Media stories about North Korea often highlight the supposed eccentricity of its leader, the regime’s oppressive nature and the threat of nuclear war. Some mix error with exaggeration, making it difficult for readers to sift fact from fiction. Yet, as Duncan Bartlett discovered, experts strive for accuracy as they tell North Korea’s story
How should people respond when they see pictures of North Korea’s leader Kim Jong-un riding a white horse, or giving a piggyback to an elderly soldier?
Such photographs, distributed by North Korea’s propaganda ministry in 2017 and 2019, were used by the world’s media in a variety of contexts. Yet their deeper meaning was lost on those who don’t know the situation well, according to the BBC’s Korea Editor, Su Min Hwang.
‘It’s crucial to put the pictures in context and to offer as much insight as we can on what they mean for the North Koreans,’ Ms Hwang told a recent conference at Oxford University.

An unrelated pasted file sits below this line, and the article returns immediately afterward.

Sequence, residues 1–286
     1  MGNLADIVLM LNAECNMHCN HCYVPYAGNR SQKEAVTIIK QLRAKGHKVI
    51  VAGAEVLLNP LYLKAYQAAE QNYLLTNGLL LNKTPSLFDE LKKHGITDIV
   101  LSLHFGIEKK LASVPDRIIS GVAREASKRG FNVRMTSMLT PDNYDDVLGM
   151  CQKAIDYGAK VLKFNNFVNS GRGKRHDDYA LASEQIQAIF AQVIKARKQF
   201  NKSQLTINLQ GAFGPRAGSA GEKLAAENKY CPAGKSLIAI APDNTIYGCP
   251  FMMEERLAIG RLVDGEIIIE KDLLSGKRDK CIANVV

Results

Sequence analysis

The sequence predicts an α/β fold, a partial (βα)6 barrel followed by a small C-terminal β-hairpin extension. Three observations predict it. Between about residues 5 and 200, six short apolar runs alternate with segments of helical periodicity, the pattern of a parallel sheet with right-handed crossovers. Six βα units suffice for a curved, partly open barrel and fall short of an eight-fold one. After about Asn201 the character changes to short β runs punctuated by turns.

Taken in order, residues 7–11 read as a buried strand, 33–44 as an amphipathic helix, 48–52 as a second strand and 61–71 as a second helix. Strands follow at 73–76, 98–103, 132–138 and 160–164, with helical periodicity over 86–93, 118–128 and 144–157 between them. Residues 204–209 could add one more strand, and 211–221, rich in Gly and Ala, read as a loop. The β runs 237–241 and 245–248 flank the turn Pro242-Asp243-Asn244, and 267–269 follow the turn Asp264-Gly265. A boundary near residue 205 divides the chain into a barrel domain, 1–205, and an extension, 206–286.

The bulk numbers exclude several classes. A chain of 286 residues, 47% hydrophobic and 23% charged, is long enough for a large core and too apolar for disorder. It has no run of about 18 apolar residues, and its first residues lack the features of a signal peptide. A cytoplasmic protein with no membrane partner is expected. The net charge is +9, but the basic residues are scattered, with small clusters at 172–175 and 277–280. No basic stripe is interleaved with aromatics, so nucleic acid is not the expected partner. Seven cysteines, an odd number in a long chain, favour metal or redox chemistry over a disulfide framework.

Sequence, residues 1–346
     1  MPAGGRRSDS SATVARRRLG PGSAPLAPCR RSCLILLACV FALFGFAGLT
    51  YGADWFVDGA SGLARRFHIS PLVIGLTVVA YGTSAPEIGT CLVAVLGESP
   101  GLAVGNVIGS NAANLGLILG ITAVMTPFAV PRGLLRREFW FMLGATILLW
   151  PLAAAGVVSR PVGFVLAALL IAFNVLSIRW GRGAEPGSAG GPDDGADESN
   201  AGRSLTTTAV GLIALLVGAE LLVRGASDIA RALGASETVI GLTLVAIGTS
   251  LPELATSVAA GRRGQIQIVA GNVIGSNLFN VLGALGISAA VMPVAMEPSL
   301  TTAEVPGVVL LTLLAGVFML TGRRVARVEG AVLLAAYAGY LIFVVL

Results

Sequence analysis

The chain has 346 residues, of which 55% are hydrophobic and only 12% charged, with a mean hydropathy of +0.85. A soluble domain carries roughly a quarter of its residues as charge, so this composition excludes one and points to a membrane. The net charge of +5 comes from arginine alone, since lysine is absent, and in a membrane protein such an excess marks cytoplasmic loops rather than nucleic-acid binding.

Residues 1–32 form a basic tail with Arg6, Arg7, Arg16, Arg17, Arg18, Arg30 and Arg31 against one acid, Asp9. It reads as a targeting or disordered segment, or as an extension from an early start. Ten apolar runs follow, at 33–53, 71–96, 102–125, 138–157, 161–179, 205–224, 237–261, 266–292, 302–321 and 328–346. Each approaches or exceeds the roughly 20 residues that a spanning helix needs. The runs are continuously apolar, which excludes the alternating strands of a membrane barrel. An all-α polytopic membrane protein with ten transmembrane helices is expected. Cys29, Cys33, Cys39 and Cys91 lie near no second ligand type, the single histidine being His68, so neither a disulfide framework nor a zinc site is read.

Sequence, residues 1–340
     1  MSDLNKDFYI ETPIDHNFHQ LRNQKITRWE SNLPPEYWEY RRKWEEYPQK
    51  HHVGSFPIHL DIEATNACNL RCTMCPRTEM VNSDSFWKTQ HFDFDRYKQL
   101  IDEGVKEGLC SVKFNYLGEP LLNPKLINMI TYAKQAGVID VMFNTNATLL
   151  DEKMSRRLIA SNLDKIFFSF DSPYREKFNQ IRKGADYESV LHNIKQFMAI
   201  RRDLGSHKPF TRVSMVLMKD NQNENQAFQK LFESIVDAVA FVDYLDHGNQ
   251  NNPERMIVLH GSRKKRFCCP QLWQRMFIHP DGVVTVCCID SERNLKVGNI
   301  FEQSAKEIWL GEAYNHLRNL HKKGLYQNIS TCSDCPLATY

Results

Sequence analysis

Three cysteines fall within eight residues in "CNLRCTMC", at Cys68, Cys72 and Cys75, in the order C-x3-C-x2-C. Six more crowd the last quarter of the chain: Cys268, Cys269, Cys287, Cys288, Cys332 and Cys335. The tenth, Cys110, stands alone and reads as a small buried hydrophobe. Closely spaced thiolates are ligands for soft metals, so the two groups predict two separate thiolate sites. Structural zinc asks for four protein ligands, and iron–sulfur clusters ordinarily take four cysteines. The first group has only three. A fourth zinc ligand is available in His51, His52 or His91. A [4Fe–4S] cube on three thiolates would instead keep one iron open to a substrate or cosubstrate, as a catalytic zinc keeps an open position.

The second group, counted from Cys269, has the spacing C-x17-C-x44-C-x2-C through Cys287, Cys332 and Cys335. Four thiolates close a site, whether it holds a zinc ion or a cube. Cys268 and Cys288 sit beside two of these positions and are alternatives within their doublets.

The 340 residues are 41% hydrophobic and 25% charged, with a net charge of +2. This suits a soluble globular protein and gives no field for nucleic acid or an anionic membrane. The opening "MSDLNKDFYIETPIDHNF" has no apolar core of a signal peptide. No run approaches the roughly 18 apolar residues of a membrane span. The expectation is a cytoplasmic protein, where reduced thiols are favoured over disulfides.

For example, both the white horse and piggyback images were analysed by BBC online, in stories that were widely read and shared.
‘The international media’s reports about North Korea carry different tones,’ said Ms Hwang. ‘Sometimes, there’s a comic tone about this weird country. At other times, there’s a very dark tone, with a soundtrack of solemn music. But I believe we have a responsibility to present a 360 degree picture.’
She explained that one of the challenges for the BBC – which does not assign its own reporters in North Korea – is verifying news that appears on international websites. ‘We see a lot of studies and analysis but we always need to ask what the sources are.’
Another panellist, Aidan Foster-Carter, Senior Honorary Fellow in Sociology and the Koreas at Leeds University in the UK, told the conference that North Korea watchers often end up looking repeatedly at the same set of data and ‘pass it around like a slice of cold, stale pizza’.
Noting that the North Koreans often ‘play’ the media, Dr Foster-Carter maintained, ‘They know we are watching and they send out false information.’